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A Biological Question No.2.  Do you know other theory about the origin of human language?

Question asked by Mitsuru Yamada on Apr 16, 2012
Latest reply on May 1, 2013 by Mitsuru Yamada

I have read a book "Evolution. The Basics" written by Sherrie Lyons recently. I myself is an amature phsycist.

It was my joy to have been able to obtain a new knowledge from that book.

When I was a young student about 30 years ago, I asked myself how the human language evolved?

The book introduced me a current theory about that.

The ultimate origin of language is glooming which behavior can be observed in a group of monkeys today, according to the book.

The glooming behavior is a confirmation and continuation of affirmative social relationships between two individuals within the group.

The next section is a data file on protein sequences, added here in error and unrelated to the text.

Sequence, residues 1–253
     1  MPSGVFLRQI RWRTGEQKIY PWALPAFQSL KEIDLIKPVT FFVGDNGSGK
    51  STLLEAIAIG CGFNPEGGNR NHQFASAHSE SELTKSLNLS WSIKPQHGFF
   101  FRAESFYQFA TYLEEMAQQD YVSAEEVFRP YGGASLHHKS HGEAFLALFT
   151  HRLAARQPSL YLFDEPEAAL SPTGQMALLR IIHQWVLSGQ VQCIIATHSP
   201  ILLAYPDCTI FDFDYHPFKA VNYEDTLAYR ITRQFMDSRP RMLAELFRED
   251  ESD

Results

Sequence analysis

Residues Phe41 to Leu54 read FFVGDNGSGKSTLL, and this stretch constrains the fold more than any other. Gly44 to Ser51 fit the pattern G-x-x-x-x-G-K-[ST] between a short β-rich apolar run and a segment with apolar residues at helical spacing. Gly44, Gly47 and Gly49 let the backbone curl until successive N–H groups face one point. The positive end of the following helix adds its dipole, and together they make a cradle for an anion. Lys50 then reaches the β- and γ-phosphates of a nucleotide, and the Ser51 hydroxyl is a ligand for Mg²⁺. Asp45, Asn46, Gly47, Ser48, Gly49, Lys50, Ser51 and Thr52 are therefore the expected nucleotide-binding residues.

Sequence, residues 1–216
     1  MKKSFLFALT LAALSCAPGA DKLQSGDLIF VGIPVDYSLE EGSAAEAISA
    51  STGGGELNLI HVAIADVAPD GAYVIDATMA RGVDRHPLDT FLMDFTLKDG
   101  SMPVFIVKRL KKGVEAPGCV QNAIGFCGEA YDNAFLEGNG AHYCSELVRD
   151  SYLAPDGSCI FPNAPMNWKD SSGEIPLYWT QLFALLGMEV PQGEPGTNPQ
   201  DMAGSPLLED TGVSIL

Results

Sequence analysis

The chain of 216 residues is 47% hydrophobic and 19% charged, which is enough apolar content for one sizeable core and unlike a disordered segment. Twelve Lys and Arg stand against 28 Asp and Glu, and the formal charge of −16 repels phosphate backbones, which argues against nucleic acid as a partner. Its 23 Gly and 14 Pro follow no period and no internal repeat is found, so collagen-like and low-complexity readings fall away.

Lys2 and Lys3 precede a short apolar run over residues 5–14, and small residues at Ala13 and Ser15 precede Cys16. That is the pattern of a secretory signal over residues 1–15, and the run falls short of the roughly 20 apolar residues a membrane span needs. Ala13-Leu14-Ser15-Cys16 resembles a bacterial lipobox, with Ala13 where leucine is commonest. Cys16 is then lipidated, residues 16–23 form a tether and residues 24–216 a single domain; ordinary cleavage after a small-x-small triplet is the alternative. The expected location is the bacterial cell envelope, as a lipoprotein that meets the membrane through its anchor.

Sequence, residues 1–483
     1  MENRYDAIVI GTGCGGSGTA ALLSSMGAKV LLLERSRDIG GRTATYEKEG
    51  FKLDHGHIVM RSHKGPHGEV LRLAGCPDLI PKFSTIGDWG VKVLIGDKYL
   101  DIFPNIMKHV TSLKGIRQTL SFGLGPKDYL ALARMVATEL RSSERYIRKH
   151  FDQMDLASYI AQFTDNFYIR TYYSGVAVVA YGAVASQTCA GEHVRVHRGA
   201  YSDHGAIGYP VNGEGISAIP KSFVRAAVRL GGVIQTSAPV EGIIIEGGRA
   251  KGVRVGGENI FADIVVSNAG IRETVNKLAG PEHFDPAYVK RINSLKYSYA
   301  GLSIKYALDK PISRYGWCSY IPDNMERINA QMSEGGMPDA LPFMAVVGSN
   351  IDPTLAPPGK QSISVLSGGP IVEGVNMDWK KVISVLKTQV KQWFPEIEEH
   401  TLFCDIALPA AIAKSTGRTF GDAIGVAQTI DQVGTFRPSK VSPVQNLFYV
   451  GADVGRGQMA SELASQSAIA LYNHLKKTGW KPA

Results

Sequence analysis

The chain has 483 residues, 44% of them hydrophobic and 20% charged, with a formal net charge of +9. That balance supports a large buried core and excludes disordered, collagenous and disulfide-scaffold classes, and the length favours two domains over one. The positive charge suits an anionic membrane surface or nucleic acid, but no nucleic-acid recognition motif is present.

It is a direct physical contact without malicious intention but with pure affection.

We received such a pure affection from our mother when we were baby.

The glooming behavior was needed between many individuals to keep the society of a group rigid in the primates evolutionary history.

As the group size became large, the monkeys had to invent other ways to gloom many other individuals simultaneously.

It is the voice, that is, "glooming many others simultaneously at distance", according to the theory.

Yes, it seems very probable theory for the origin of language of humankind.

But how about the origin of the symbolic dance language of bees?

About symbolic language of Apis Mellifera carnica, read "Life Cycle" written by John Tylor and if you would like to know the whole thing, read "The Dance Language of and Orientation of Bees" written by Karl von Frisch.

Hey, Chemists Sirs, have your ken wide!

Is the similarlity between  the languages of human and bees a result of convergent evolution?

How do you speculate?

 

complexpotential

April 17, 2012

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